We bring you this month’s top archery book suggestions to add to your reading list, by Emma Davis and Tom Hall
The Inner Game of Tennis
Author: W. Timothy Gallwey
Publisher: Pan, first published in 1972
Although a fairly short read, at only 134 pages, the philosophy outlined in this book really gives pause for thought.
Amongst a litany of books claiming to deliver the secret formula to becoming a winner, Timothy Gallwey encouraging us to think about why we compete and what winning should actually mean remains a breath of fresh air.
Written and published in the 1970’s, when sports psychology was still fairly new, Gallwey’s theories were revolutionary at the time.
The first half of the book is dedicated to a concept that is now well established: the distinction between the conscious and subconscious self, rooted in the simple idea that the conscious has a tendency to interfere with the abilities and performance of the subconscious.
If you’ve read any of the more recent popular science books on psychology (The Chimp Paradox, Thinking Fast and Slow) then this idea won’t be new. However, the way it’s presented here feels different.
Greater thought is given to how this relationship between the conscious and the subconscious affects how we learn, with some wonderful insights that emphasize the detriment of over-coaching – detailed explanations of what students “should” be doing prompt over-engagement of the conscious mind.
The ideas about using exploratory learning, where you encourage students to discover the best technique themselves, provide a zen approach to mastery of skill that feels incredibly intuitive.
The section on games people play within themselves is likely to ring true for a lot of archers, particularly the discussion of common traps such as the relentless perfection of form, defining one’s self worth by winning or losing, or getting caught up in how your performance affects how you’re perceived by your peers. This mental game analysis leads neatly into a discussion on competition: why do we compete and who are we really competing with?
As Gallwey says: “If I assume that I am making myself more worthy of respect by winning, then I must believe that by defeating someone, I am making him less worthy of respect.”
This is an uncomfortable perspective that exposes some inherent problems in how we might perceive victory but prompts a rich exploration of what it truly means to win.
The theory here may have the potential to improve performance dramatically, but the true message is rooted in the thrill of the challenge and discovering the depth of our own capabilities.
As the title suggests, the book is about improving your tennis game, although much of it is actually more applicable to precision sports like archery that it would be to tennis.
Some of the cultural references have dated and a number of the points are anecdotal, but there is something beautifully elegant about Gallwey’s theory. In letting go of our conscious desires for success and recognition, we could perhaps uncover the pure joy of performance without judgement.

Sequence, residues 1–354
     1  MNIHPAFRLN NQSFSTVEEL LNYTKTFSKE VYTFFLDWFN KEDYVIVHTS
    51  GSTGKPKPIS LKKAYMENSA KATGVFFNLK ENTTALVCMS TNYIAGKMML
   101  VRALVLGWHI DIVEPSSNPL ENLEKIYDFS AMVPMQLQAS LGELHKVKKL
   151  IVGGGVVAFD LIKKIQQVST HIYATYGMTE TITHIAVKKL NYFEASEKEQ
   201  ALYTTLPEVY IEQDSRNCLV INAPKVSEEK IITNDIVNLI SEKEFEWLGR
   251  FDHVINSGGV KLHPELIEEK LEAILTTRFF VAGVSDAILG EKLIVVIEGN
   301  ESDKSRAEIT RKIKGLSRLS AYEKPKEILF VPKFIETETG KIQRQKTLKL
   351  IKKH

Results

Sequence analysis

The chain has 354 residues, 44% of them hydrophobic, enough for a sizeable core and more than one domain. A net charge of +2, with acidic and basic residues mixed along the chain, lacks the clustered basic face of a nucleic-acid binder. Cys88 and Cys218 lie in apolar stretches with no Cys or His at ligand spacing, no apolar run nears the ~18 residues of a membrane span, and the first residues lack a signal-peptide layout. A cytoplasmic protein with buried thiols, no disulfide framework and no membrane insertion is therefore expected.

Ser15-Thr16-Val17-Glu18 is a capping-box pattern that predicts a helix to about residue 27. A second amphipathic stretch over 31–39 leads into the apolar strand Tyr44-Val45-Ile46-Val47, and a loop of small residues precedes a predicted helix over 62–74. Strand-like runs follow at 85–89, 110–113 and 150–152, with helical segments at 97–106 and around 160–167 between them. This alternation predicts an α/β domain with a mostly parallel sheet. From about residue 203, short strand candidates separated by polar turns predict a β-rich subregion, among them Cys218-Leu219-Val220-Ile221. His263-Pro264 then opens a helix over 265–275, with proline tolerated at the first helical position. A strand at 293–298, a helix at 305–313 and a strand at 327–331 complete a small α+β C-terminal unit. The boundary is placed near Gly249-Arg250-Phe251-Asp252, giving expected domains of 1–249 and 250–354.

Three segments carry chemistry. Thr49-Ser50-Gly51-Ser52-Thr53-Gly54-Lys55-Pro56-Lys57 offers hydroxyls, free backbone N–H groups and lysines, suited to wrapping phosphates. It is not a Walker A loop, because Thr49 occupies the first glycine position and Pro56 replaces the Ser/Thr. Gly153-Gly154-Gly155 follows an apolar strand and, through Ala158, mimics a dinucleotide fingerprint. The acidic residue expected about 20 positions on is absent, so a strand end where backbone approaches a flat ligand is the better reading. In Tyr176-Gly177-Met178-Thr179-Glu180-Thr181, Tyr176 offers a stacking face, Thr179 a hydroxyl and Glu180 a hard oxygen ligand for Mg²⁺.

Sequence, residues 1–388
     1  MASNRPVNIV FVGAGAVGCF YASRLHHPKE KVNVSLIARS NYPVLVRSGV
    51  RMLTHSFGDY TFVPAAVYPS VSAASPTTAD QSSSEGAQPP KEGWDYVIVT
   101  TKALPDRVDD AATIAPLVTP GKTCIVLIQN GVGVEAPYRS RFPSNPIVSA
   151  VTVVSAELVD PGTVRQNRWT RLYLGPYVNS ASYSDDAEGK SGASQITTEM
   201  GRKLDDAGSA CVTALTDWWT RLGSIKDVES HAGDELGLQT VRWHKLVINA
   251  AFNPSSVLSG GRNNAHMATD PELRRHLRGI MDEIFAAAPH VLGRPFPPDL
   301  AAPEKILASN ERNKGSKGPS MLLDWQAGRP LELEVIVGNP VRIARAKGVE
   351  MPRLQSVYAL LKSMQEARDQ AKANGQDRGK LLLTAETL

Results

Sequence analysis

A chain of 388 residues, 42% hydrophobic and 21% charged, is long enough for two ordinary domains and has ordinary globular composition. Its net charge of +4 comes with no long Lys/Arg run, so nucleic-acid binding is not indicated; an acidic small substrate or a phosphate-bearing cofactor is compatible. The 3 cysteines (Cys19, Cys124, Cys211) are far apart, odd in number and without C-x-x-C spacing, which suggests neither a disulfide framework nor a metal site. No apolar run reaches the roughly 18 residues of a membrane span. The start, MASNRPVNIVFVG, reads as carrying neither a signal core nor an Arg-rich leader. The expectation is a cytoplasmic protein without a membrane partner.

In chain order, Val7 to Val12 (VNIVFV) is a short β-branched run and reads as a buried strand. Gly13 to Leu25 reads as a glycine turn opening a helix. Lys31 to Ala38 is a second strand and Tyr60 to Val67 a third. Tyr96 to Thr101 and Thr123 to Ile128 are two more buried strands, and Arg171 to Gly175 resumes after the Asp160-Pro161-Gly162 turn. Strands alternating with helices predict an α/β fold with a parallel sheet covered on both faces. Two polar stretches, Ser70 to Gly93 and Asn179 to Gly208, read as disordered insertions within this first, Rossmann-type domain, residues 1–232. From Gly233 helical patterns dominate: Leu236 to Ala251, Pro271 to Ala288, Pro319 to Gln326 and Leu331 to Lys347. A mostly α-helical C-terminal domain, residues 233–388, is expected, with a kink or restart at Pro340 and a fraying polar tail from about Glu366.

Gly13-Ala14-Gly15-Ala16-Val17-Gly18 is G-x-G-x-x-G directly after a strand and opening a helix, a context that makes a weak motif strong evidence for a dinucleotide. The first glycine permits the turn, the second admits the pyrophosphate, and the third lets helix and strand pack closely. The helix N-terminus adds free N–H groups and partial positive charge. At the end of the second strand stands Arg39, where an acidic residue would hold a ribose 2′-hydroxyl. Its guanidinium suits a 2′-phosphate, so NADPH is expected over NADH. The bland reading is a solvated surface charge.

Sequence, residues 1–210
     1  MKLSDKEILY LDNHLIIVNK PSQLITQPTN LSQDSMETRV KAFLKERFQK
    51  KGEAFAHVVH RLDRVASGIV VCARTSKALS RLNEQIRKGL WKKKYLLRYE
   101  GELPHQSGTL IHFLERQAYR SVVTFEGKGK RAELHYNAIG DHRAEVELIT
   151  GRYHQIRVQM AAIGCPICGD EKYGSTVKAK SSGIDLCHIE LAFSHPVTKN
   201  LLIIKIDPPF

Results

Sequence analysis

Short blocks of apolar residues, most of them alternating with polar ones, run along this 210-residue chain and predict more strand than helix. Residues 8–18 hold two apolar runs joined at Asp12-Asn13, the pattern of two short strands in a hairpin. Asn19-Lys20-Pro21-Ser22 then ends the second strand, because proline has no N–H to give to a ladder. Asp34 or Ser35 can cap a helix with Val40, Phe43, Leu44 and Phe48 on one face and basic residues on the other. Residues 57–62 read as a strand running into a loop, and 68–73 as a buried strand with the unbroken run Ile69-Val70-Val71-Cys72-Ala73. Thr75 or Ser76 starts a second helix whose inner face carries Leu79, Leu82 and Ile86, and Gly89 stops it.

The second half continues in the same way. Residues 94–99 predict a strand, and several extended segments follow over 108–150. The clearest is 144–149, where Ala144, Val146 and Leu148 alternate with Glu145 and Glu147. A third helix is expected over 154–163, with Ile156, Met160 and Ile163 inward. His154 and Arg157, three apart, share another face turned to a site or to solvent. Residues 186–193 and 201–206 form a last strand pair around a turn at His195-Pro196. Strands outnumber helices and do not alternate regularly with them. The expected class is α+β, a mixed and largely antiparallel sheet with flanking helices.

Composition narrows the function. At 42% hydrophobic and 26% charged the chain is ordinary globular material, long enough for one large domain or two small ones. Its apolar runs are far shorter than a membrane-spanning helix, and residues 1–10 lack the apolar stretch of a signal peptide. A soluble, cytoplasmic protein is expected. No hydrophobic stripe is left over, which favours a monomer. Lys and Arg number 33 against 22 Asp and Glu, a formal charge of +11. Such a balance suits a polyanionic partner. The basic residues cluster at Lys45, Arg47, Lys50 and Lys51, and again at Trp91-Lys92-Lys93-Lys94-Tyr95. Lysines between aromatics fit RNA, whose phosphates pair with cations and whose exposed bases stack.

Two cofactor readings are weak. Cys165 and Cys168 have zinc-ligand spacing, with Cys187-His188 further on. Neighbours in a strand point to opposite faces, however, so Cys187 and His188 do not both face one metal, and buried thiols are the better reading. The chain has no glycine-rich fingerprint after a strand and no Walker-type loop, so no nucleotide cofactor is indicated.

The Art of Repetition
Author: Simon Needham
Publisher: The Crowood Press, 2006
In the opening lines of his first book Simon wonders what he might have achieved had he known at the beginning of his archery career what he knew by the end of it.
The Art of Repetition is a result of his attempt to distil the learnings of a 20-year journey. This book shows its age, in the monochrome photos and homemade illustrations, but also as a result of the extreme level of detail Needham goes into on such diverse topics as entering competitions, arrow plotting and string building. Unfortunately, many of the specific references in these sections are now obsolete.
Assuming zero prior knowledge, we begin with Needham’s take on basic shooting technique and a guide to buying your first set of equipment.
The information presented is solid but very prescriptive, and it does seem likely that those coming across this book will have already completed a beginners’ course covering the majority of this content.
Equipment is a strong theme in several detailed follow-up chapters, and in particular Needham’s guide to setting up a bow provides excellent step-by-step instructions.
However, he also provides plenty of detail on the how and the why: for example, he takes the time to illustrate exactly how the tiller bolts change the limb pocket angle and as a result the bow poundage.
This is invaluable to the archer who wants to understand, rather than regurgitate, these methods.
Some of the chapters which serve as introductions to other broader areas of sports performance aren’t as strong. The discussion on psychology starts well: discussing the role of the conscious mind in skill execution, but soon diverts into an almost encyclopaedic explanation of Neurolinguistic Programming (NLP) and learning style preference theories that are still not fully proven to be effective today.
The chapter on fitness is also flawed, containing such instructions as to focus gym programs only on “light weights and high numbers of repetitions”. This may have been the prevailing wisdom at the time but is strongly contradicted by the practices of current elite archers.
However, it is at least nice to see the importance of exercise, rest and nutrition being emphasised, as these aspects often get passed over!
Overall then, The Art of Repetition is perhaps best considered an unusual reference text, although the book remains in print and is a familiar sight on the not-well-stocked archery section in larger bookstores.
Needham’s DIY attitude and clear guidance on aspects of equipment may well provide the inspiration needed to overcome a nagging issue. Although not a riveting page-turner, there is a lot to be learned here for the beginner to intermediate archer.
Ultimately, very few books manage to achieve the golden trinity of affordability, quality, and breadth, and Needham has managed a reasonable compromise on all three.